The Senate Intelligence Committee, after its own three-year investigation that maintained a broader counterintelligence focus, built on those findings this week with a bipartisan report laying out an extensive web of contacts between Trump campaign advisers and Russian officials. Among them, it said Konstantin V. Kilimnik, with whom the onetime Trump campaign chairman Paul Manafort privately shared internal polling data and campaign strategy, was a “Russian intelligence officer” with links to the Kremlin’s election interference operation. Senators said the dynamic “represented a grave counterintelligence threat.”
Mr. Trump has sought to portray such scrutiny as a “hoax” and a plot by the so-called deep state to sabotage him for political reasons. While the Page wiretap was a small piece of the investigation, the president and his allies have sought to conflate the overall effort with it, using the serious problems Mr. Horowitz uncovered with its applications to discredit the entire enterprise.
Mr. Horowitz’s findings that Mr. Clinesmith doctored the email looked especially bad because Mr. Clinesmith was also among several F.B.I. officials whom Mr. Mueller removed from the Trump-Russia investigation after Mr. Horowitz found text messages in which they expressed political animus against Mr. Trump.
Shortly after Mr. Trump won the 2016 election, for example, Mr. Clinesmith texted another official that “the crazies won finally,” while disparaging Mr. Trump’s health care and immigration agendas and calling Vice President Mike Pence “stupid.” Asked by a colleague whether he intended to stay in government, he wrote: “viva la resistance.”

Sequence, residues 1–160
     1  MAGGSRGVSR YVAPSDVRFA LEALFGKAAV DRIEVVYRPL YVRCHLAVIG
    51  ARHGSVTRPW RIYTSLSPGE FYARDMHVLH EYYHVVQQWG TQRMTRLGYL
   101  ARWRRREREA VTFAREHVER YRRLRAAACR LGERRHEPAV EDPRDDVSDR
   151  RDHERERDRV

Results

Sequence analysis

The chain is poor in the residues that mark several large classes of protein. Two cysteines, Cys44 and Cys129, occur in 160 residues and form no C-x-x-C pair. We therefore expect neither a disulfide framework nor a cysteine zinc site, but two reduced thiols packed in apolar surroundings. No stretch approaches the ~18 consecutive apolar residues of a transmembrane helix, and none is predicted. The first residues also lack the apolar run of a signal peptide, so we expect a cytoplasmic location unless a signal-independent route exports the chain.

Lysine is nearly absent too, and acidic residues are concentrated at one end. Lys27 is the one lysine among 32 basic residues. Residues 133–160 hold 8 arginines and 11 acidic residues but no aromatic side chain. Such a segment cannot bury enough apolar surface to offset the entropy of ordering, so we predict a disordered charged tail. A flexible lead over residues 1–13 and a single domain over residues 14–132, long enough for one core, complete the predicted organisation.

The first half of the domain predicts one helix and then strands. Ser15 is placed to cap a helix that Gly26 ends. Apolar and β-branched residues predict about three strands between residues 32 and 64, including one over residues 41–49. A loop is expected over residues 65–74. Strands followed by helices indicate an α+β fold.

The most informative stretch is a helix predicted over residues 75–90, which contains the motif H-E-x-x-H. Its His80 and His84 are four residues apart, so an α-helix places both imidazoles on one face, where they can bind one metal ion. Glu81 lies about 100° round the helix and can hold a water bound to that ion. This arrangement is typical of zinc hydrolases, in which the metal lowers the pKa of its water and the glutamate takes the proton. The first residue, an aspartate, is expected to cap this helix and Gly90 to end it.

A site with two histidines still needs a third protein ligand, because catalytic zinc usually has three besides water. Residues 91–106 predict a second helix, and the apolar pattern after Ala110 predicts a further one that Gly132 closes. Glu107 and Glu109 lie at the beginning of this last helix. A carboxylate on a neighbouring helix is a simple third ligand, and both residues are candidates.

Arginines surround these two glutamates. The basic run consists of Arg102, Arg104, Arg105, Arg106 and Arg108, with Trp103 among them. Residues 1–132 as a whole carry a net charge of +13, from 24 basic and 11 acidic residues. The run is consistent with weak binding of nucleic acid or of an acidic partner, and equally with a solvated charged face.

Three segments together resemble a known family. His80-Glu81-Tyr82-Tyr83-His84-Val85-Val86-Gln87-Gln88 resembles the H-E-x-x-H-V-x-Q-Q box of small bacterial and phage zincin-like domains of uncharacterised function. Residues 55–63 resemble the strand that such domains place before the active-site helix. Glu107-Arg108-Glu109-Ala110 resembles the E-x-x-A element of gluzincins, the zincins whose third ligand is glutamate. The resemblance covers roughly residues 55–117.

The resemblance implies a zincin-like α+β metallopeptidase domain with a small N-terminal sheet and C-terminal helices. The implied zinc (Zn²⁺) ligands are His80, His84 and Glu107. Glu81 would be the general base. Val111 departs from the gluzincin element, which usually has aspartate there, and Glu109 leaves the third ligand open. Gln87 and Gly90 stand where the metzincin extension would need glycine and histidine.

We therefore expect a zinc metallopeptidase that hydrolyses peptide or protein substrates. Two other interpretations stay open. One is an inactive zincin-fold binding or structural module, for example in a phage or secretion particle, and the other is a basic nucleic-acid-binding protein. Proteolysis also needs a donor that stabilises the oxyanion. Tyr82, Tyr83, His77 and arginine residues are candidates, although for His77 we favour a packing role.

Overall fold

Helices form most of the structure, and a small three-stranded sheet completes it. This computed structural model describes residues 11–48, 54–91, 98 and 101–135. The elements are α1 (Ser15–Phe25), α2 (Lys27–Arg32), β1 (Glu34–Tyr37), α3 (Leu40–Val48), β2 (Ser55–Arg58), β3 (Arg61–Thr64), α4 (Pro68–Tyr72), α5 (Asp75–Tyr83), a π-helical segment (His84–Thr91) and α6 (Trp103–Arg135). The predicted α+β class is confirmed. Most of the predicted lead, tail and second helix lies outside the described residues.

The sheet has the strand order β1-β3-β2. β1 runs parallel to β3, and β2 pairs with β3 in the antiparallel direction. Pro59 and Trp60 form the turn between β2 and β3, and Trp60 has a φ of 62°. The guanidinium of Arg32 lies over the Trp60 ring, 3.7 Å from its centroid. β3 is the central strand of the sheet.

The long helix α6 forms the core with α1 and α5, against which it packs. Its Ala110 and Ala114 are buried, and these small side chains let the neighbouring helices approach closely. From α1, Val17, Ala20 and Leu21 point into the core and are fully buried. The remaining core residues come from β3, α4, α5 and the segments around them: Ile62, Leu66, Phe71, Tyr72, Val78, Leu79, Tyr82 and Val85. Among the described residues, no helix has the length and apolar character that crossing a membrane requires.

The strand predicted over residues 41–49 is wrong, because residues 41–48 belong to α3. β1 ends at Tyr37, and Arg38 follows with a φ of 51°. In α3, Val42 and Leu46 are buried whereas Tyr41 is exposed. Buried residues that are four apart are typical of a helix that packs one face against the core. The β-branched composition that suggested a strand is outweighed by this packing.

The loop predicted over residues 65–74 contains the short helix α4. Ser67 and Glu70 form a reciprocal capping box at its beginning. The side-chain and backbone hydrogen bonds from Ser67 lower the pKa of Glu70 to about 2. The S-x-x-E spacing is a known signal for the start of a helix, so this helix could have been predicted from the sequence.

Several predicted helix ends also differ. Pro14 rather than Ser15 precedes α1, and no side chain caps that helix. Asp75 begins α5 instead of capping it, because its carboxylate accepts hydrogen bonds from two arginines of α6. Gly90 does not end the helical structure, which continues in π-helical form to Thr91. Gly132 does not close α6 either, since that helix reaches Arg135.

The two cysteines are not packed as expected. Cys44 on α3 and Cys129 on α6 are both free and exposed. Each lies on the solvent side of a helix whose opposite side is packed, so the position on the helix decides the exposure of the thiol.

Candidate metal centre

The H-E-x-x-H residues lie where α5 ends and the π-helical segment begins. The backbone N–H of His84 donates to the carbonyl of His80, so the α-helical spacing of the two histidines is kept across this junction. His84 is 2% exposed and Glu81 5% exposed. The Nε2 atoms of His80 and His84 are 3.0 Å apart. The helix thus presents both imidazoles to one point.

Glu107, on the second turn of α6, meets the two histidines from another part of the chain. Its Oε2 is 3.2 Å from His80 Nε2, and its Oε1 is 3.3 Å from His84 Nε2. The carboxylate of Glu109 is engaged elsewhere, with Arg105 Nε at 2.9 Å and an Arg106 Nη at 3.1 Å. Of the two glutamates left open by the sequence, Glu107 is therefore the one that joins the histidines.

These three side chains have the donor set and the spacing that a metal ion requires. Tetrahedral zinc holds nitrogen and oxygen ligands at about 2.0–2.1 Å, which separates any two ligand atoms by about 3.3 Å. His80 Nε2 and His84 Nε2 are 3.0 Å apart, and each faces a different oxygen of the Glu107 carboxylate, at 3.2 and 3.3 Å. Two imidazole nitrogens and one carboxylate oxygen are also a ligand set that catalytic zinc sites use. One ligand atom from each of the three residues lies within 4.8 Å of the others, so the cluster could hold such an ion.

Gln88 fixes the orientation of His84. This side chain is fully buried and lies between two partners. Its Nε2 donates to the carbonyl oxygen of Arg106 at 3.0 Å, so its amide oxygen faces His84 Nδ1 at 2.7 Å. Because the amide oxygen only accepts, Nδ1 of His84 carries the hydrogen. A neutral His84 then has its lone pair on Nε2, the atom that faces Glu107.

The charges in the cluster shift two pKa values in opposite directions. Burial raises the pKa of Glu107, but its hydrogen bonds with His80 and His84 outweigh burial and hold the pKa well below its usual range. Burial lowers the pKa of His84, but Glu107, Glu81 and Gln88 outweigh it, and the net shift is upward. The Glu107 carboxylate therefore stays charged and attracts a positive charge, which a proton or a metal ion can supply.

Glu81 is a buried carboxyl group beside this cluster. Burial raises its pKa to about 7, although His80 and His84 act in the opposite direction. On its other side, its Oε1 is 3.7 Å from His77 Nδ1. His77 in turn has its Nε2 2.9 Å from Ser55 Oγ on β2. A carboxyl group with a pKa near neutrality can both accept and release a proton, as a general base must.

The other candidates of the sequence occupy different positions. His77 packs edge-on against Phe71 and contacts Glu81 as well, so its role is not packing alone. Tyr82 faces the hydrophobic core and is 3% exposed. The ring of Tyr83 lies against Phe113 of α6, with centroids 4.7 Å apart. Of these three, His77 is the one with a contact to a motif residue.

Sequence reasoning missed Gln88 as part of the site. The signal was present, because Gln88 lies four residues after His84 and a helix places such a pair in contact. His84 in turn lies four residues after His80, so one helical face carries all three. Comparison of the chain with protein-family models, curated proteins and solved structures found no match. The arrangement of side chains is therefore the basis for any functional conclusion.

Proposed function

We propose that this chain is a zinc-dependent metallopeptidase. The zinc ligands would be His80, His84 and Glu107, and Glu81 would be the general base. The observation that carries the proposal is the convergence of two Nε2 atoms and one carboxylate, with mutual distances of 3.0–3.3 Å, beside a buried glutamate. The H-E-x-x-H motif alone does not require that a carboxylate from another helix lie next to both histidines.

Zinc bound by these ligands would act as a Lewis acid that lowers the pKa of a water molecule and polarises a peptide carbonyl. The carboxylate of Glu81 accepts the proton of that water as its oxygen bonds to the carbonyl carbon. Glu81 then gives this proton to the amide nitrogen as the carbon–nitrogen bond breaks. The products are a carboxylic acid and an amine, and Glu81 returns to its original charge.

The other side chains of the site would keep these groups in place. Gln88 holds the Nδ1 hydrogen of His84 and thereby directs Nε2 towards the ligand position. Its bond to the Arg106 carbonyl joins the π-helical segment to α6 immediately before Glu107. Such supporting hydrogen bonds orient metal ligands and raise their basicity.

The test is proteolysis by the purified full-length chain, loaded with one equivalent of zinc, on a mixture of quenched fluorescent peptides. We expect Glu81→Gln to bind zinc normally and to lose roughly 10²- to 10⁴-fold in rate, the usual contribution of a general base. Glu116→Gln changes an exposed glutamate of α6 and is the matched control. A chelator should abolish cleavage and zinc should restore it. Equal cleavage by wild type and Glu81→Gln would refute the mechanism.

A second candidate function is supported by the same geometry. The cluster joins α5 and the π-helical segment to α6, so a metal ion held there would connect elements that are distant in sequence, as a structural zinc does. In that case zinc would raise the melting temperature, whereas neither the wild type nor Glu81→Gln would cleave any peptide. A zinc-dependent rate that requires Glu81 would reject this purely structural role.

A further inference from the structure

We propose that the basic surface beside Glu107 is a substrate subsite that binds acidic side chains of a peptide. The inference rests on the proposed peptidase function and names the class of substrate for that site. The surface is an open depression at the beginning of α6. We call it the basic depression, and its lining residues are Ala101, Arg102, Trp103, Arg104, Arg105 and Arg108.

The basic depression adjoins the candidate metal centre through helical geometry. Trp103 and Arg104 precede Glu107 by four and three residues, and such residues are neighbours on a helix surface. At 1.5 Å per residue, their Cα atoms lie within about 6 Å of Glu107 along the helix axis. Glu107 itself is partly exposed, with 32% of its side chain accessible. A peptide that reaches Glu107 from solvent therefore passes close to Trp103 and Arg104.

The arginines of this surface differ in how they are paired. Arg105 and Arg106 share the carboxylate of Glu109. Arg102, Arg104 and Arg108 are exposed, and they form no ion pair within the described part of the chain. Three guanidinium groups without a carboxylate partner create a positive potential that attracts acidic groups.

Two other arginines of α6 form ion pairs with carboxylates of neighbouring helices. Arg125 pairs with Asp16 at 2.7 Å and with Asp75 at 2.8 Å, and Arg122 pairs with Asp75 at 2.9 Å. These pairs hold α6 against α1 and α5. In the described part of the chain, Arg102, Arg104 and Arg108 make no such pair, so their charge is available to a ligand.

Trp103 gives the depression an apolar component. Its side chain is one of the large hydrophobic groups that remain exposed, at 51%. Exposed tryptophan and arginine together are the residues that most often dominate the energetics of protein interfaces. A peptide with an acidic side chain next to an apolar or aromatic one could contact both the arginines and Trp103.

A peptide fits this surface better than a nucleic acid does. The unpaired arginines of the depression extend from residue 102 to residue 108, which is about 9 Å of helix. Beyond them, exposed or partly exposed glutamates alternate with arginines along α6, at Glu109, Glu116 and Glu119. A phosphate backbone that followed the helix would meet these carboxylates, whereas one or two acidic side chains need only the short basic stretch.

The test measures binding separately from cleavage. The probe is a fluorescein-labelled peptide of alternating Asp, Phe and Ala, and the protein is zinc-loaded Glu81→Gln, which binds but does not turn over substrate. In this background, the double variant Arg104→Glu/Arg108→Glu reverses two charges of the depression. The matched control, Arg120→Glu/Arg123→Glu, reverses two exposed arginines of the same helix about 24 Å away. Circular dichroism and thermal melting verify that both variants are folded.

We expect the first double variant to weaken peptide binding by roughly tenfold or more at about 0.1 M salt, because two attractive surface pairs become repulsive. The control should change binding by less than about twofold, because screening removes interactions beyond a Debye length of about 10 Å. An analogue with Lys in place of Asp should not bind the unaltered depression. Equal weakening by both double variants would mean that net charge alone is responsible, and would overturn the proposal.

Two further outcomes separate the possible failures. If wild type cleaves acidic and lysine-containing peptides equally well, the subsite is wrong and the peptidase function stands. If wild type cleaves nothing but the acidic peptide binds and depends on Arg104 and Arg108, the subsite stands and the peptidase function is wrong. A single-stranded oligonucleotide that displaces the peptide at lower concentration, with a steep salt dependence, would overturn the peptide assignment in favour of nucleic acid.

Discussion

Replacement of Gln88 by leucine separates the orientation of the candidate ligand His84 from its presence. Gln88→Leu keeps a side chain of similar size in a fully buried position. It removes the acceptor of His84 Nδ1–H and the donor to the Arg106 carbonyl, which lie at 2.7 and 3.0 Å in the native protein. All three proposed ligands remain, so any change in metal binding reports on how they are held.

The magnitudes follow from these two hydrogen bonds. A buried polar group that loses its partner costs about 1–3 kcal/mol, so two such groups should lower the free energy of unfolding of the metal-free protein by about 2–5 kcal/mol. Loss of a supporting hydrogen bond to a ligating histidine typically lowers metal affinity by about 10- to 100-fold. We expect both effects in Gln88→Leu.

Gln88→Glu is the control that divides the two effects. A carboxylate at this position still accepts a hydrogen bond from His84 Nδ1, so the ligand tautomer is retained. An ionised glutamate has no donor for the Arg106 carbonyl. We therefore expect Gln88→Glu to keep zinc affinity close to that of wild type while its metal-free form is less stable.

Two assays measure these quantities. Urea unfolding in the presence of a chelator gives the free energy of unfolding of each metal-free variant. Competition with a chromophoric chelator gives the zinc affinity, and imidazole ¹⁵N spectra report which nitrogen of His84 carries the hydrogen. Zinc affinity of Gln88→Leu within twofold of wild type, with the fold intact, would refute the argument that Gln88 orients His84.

Neither Mr. Horowitz’s report nor Mr. Durham’s court filings explicitly ascribed a motive to Mr. Clinesmith for his actions, but both presented evidence that he had changed the email during a moment of bureaucratic peril for the Page wiretap effort — when the F.B.I. came close to realizing as an institution that something was flawed about all its Page applications.
The applications recounted Mr. Page’s long history of interacting with Russian intelligence officials, even after he learned he had been the target of an apparent recruitment effort in 2013. But what they did not say was that he also had a history of talking to the C.I.A. about some of those interactions, including one of the ones the wiretap applications cited as a reason to be suspicious of him.
In August 2016, two months before the first application, the C.I.A. sent a memo to the F.B.I. saying it had considered Mr. Page from 2008 to 2013 to be an “operational contact,” someone whom the spy agency can debrief but not assign to gather information. Such documents are subject to special restrictions for security reasons, and it is not clear who saw it; although Mr. Clinesmith was entitled to look at it, he said he did not.